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OSHA News Release
Region 2

Please note: As of January 20, 2021, information in some news releases may be out of date or not reflect current policies.

Jan. 30, 2015

Plan. Provide. Train. Three simple steps to preventing falls.

For the third time, OSHA finds roofing contractor
allows fatal fall hazards at school job site
AMB Construction faces $113,300 in fines for repeated violations

TARRYTOWN, New York – Employees of a Brooklyn-based commercial and residential roofing contractor faced the threat of deadly or disabling falls as they replaced the 20,000-square-foot roof of Westchester County's Bedford Hills Elementary School, the U.S. Department of Labor's Occupational Safety and Health Administration has found.

As a result, OSHA has cited AMB Construction Inc. for 14 violations of workplace safety standards with proposed fines of $113,300. OSHA's investigation began in August 2014 after an OSHA inspector saw roofers working without proper fall protection.

This is the third time AMB Construction has been cited for similar violations. OSHA found workers at risk in 2010 and 2011 at work sites in Greenwich and Stamford, Connecticut.

"The sizable fines proposed here reflect this employer's prior history and clear knowledge of their existence coupled with the gravity of these hazards," said Diana Cortez, OSHA's area director in Tarrytown. "Falls are among the top four hazards in construction work likely to injure or kill employees. Dangers can be prevented by employers with basic, common-sense and legally required safeguards, such as providing fall protection and effective training to help workers recognize and avoid fall hazards. That was not the case here."

Inspectors found that AMB Construction's employees worked from various unprotected roof pitches and an aerial lift that exposed them to fall hazards ranging from 16 to 25 feet. Some of the workers performed their jobs without the use of fall protection, while others used ineffective fall protection systems. OSHA cited AMB Construction for not providing employees with fall protection training. Knowing that fall protection was required, the contractor allowed its employees to work from an aerial lift without the required gear.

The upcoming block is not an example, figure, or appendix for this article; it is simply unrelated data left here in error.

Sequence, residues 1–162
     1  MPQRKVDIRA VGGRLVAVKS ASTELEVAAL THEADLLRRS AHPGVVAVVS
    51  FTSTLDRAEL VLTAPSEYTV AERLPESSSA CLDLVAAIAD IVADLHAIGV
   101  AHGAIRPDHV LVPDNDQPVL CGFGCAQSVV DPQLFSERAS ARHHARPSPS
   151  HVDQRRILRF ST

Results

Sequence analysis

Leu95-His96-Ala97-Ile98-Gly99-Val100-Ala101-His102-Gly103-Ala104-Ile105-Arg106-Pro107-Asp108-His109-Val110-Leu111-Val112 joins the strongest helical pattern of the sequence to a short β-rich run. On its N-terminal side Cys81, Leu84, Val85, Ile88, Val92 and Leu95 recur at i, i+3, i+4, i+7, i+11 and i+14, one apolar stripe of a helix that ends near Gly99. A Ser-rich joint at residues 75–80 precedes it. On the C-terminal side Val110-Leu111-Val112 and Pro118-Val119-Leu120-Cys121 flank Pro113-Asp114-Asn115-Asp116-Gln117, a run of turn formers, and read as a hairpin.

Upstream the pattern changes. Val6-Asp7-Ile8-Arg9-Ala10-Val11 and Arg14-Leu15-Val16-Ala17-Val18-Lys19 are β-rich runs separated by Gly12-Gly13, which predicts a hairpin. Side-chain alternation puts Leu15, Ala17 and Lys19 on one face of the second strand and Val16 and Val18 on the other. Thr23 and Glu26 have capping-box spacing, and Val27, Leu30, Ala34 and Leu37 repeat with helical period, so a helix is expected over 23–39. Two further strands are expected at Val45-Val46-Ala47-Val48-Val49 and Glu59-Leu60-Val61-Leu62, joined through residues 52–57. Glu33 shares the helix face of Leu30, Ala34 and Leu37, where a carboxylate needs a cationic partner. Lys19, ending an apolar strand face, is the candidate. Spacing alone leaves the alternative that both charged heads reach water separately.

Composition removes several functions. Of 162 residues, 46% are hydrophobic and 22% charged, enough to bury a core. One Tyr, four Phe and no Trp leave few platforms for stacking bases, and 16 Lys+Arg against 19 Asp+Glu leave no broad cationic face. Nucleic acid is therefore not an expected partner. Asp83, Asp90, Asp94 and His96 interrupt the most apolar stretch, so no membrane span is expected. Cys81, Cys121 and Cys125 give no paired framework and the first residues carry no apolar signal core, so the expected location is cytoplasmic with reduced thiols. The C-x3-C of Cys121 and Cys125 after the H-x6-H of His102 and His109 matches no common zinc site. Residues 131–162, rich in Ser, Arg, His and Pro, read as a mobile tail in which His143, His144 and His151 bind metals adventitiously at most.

In New York, OSHA conducted 19 fall-related fatality inspections in 2013 and 24 in 2014-a 26 percent increase. To halt this alarming increase in deaths from falls, the agency continues to address fall hazards through its Local Emphasis Program. OSHA has focused inspections on workplaces where fall hazards have been observed and has conducted an ongoing Fall Prevention campaign.

AMB Construction has 15 business days from receipt of its citations and proposed penalties to comply, meet with OSHA's area director, or contest the findings before the independent Occupational Safety and Health Review Commission.

View the citations here*.

To ask questions, obtain compliance assistance, file a complaint or report workplace hospitalizations, fatalities or situations posing imminent danger to workers, the public should call OSHA's toll-free hotline at 800-321-OSHA (6742) or the agency's Tarrytown Area Office at 914-524-7510.

Under the Occupational Safety and Health Act of 1970, employers are responsible for providing safe and healthful workplaces for their employees. OSHA's role is to ensure these conditions for America's working men and women by setting and enforcing standards, and providing training, education and assistance. For more information, visit


Media Contacts:

Ted Fitzgerald, 617-565-2075,
Andre J. Bowser, 617-565-2074,

Release Number: 15-85-BOS

U.S. Department of Labor news materials are accessible at The department's Reasonable Accommodation Resource Center converts departmental information and documents into alternative formats, which include Braille and large print. For alternative format requests, please contact the department at (202) 693-7828 (voice) or (800) 877-8339 (federal relay).

* Accessibility Assistance: Contact OSHA's Office of Communications at 202-693-1999 for assistance accessing PDF materials.